SALAWU LANLOKUN BOLA (the Mogai of Bola Family) & ANOR V. ARCHDEACON S. V. LATUNDE & ANOR (FSC 49/1960) [1963] 10 (25 March 1963);

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  • SALAWU LANLOKUN BOLA (the Mogai of Bola Family) & ANOR V. ARCHDEACON S. V. LATUNDE & ANOR (FSC 49/1960) [1963] 10 (25 March 1963);


On Monday, the 25th day of March 1963

FSC 49/1960


1. SALAWU LANLOKUN BOLA  (the Mogai of Bola Family)

2. LANLOKUN BOLA OGUNPA ..................................................... APPELLANTS



2. ST. JAMES'S CHURCH OGUNPA, IBADAN  by its Wardens EDMUND OLUKOYE WILLIAMS and C. A. ADEGBESAN ............................................... RESPONDENTS


Application by the appellant:

The High Court, W.N had before it a suit (I/227/1955) and an appeal from the Native Court (1161A,/56); they related to the same land and the parties were in the same interest, the High Court consolidated and heard them together, and gave a single judgment, from which the Bola Family appealed. The Federal Supreme Court ruled that, whilst an appeal lay as of right insofar as the judgment related to the suit, leave was required under the legislation in force at the material time for appeal from the judgment insofar as it related to the Native Court case. The High Court refused leave to appeal. The appellants then applied to the Federal Supreme Court, quoting the High Court Suit number by mistake; the Federal Supreme Court refused leave, but by mistake the formal order drawn up was one dismissing the appeal (which came to light in connection with an application for extension of time for appeal in regard to the Native Court case; but this note is on the correcting of the order and the procedure therefore.)

By Order 7, rule 36 of the Federal Supreme Court Rules:-

"Where no other provision is made by these Rules the procedure and practice for the time being in force in the Court of Appealing England shall apply insofar as it is not inconsistent with these Rules, and the forms in use therein may be used with such adaptations as are necessary."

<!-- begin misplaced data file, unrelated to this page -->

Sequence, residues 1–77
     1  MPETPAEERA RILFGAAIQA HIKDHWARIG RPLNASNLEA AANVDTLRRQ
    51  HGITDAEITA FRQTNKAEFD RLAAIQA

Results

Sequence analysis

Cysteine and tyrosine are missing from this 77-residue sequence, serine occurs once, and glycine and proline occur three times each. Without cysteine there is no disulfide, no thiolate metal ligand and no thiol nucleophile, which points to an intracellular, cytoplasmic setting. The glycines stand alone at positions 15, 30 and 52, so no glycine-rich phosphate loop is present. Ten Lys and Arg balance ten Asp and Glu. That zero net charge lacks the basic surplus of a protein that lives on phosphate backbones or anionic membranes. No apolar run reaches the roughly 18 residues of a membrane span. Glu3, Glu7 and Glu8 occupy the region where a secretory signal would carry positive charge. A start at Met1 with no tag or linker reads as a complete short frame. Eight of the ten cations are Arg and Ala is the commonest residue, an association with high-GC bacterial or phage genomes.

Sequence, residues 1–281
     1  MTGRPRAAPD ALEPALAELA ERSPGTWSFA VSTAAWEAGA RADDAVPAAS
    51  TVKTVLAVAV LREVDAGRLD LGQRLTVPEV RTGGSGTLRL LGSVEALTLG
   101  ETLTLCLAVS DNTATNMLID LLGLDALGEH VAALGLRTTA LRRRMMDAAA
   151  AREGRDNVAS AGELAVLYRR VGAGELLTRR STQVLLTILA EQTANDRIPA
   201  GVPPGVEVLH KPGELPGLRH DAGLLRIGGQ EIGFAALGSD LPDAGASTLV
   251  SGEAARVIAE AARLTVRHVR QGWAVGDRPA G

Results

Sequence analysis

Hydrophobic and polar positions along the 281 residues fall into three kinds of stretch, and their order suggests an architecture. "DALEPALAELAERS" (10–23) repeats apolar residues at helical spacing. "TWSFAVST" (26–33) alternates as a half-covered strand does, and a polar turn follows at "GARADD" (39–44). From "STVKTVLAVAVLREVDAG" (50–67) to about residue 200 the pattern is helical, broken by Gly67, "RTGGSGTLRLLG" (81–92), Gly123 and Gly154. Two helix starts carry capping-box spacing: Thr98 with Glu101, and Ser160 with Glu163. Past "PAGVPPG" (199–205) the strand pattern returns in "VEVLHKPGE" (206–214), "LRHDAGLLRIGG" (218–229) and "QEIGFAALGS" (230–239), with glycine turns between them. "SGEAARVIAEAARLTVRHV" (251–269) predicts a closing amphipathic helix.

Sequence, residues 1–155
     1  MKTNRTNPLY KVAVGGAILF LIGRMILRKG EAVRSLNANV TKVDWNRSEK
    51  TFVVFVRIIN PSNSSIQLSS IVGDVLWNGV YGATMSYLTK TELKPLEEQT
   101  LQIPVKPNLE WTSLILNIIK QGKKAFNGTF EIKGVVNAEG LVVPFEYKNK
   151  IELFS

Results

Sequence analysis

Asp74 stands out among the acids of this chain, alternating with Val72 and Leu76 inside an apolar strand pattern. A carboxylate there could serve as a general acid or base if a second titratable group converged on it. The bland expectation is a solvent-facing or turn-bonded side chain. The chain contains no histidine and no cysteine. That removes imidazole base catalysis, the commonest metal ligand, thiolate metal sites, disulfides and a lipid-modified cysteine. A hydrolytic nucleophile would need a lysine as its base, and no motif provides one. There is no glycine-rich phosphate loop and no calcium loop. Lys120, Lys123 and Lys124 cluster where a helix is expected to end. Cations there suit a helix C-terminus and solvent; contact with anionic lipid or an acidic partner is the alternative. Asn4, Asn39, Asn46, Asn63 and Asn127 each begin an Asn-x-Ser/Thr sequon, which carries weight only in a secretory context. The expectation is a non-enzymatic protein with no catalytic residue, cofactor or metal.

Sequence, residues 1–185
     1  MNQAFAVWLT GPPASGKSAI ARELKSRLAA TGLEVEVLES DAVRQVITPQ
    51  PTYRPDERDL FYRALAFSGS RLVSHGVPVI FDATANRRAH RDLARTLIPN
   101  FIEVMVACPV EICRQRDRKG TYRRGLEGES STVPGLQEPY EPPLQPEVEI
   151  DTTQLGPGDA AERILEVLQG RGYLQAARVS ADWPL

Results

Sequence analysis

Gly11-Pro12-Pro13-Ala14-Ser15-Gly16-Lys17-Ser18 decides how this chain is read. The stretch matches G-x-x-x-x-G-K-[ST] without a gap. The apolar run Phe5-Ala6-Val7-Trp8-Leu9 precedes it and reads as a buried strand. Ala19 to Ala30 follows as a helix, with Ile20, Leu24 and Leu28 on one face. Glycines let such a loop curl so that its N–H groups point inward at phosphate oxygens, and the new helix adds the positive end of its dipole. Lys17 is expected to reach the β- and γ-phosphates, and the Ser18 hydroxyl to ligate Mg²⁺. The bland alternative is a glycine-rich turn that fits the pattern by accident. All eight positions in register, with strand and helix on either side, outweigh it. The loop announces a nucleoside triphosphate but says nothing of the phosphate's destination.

By Order 28, rule11 in the English Rules of the Supreme Court:-

"Clerical mistakes in judgments or orders, or errors arising therein from any accidental slip or omission, may at any time be corrected by the court or a Judge on motion or summons without an appeal."




Every court has inherent jurisdiction to ensure that its order carries into effect the decision at which it arrived, and if necessary the above rules could also be invoked; but, unless the parties consented to dispense with a motion to correct the order, a separate motion was required.


Cases cited:-

Unnanse v. Unnanse [1950] A.C.561.

Hatton v. Harris [1892] A.C.547.

By consent of formal order amended.

(The application for extension of time was refused.)


APPLICATION to the Supreme Court for extension of time.

Kotun, K.A. for the Applicants (Appellants).

Orojo for the Respondents.


Brett, F.J.:-This matter arises out of a judgment given by the late Sir Olumuyiwa Jibowu, C.J., in the High Court of the Western Region on the fifth February, 1959, and first came before this Court as long ago as the 29th April, 1960. Since then, numerous applications have been made both to this Court and to the High Court, but the desired result, of obtaining a hearing on the merits, has not yet been achieved.

Jibowu, C.J., had before him a suit brought in the original jurisdiction of the High Court, I/227/1955, and an appeal from a Native Court, IJ61 AI56, in which he had decided to rehear the case de novo. The original suit and the appeal concerned the same land, and the parties represented the same interests, and by consent the two matters were consolidated for hearing, and a single judgment was delivered. It was in favour of the present respondents and against the Bola family, and the Bola family gave notice of appeal to this Court. When the appeal came up for hearing the respondents raised objections both to the grounds of appeal originally filed and to certain of the additional grounds filed. One of these objections was that although an appeal lay as of right against the decision in suit I/227J1955, it only lay by leave of this Court or of the High Court in appeal I/61A/56, and leave had not been obtained. The court upheld this objection, and the relevant passage of the ruling reads:-


"The appeal I/61A156 is not before us. Mr Kotun if he so desires can go to the High Court and obtain leave in respect of the appeal.

We are prepared to hear arguments on 1/227/55.

Kotun asks for adjournment; wishes the two to be taken together.

Adjourned sine die: Liberty to either side to apply for hearing date."

It is unnecessary to trace in detail the various steps taken by the appellants since then, but the salient facts must be stated. On the 24th October, 1960, the High Court granted leave to appeal on an ex parte motion, but on the 14th November, 1960, this was rescinded on the motion of the respondents. After inconclusive proceedings had taken place in this Court on the 6th February and 6th March, 1961, a fresh application was made to the High Court on the 18th September, 1961, and was dismissed on the 19th February, 1962, on the ground that an extension of time for making the application had not been granted by this Court. Notice of the present motion was given on the 30th October, 1962; as regards I/61A/56 the motion asks for an extension of time within which to apply for leave to appeal, and for the grant of such leave.